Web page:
The California Senate voted on Wednesday to approve a bill that would reinstate the net neutrality regulations repealed by the Federal Communications Commission in December.
The bill, S.B. 822, authored by Sen. Scott Wiener (D–San Francisco), was introduced in March and passed through three committees, all along party-lines. The bill was approved 23–12 and will now head to the state Assembly.
“Under President Obama, our country was moving in the right direction on guaranteeing an open internet, but the Trump-led FCC pulled the rug out from under the American people by repealing net neutrality protections,” Wiener said in a statement last month after the bill passed its final committee vote.
After the FCC moved to eliminate net neutrality rules, states began implementing their own measures. In January, over 20 attorneys general sued the commission before the order was even published. Some governors attempted to use executive orders, while others worked with legislators. California’s bill to restore protections in the state is one of the toughest responses to the FCC’s rollback.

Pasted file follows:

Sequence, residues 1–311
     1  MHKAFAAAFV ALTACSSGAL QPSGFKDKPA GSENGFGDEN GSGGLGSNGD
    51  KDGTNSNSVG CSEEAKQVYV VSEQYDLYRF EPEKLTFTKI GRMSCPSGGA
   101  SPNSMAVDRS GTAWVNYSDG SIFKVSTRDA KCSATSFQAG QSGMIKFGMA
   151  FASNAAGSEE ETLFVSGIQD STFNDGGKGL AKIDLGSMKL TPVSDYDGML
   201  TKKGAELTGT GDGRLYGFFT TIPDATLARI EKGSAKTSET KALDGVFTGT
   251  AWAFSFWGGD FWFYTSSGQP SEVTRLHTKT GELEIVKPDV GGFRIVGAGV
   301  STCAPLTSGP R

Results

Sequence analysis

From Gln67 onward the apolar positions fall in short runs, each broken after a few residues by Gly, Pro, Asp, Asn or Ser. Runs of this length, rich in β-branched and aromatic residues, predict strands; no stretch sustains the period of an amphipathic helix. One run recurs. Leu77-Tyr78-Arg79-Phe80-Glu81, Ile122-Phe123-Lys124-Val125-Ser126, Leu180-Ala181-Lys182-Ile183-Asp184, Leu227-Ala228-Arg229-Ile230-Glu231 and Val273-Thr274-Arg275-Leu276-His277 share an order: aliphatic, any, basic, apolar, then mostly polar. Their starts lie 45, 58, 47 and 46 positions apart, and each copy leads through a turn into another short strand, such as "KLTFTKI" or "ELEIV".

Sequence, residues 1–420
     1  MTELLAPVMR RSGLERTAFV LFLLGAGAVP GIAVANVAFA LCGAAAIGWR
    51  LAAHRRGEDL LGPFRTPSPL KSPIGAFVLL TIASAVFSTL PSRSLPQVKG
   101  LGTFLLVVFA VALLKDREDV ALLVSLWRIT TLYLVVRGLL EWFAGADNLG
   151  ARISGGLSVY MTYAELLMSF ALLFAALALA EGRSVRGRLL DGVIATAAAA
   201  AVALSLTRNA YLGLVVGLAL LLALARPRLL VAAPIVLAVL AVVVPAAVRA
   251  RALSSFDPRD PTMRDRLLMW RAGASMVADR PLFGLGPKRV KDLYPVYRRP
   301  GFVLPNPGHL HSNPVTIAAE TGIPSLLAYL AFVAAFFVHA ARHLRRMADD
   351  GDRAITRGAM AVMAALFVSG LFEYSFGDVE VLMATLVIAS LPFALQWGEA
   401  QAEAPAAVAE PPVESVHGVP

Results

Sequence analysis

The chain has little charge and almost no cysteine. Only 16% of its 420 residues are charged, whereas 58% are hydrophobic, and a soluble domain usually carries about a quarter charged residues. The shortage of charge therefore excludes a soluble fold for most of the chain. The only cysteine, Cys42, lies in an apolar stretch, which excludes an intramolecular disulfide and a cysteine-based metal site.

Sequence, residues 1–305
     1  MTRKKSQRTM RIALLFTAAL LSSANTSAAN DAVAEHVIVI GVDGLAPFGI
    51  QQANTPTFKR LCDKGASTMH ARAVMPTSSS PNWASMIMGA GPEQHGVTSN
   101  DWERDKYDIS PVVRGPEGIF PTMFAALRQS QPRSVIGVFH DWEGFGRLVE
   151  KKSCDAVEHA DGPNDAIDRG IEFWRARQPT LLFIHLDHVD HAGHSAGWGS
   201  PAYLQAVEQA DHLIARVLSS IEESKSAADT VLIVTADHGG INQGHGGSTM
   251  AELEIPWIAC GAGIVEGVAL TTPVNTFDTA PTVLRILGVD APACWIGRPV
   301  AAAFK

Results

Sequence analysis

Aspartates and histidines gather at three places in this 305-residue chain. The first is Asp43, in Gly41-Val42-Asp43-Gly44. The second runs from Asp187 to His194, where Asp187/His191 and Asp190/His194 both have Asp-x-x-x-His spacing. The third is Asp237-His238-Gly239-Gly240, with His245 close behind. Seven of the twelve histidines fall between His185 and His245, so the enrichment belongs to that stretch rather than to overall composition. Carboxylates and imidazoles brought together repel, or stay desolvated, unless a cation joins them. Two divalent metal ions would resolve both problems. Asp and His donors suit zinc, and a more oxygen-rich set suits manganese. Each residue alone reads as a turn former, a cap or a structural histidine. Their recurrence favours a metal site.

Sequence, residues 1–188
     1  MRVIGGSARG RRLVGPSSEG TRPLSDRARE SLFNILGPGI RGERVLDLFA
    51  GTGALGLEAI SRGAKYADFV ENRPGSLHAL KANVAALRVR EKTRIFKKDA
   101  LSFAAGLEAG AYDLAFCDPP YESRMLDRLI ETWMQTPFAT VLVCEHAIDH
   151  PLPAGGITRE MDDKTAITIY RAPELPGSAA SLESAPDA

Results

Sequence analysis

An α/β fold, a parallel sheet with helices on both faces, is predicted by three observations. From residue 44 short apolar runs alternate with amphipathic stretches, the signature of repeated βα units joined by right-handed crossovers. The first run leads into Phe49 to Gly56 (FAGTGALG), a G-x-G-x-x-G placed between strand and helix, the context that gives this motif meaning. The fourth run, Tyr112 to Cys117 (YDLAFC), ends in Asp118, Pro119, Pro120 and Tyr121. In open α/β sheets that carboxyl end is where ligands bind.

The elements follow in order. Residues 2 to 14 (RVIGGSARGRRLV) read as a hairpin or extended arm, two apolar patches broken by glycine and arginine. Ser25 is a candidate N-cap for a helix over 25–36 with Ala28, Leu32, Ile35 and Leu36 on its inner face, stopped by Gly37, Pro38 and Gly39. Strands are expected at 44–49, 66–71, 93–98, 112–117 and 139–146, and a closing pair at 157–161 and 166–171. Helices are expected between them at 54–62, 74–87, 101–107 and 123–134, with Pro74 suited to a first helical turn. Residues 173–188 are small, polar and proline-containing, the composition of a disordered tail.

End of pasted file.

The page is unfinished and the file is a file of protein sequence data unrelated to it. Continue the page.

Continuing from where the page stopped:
The bill would reinstate rules similar to those in the FCC’s 2015 Open Internet Order. It forbids ISPs from throttling or blocking online content and requires them to treat all internet traffic equally.
But the bill also takes the original rules further by specifically banning providers from participating in some types of “zero-rating” programs, in which certain favored content doesn’t contribute to monthly data caps.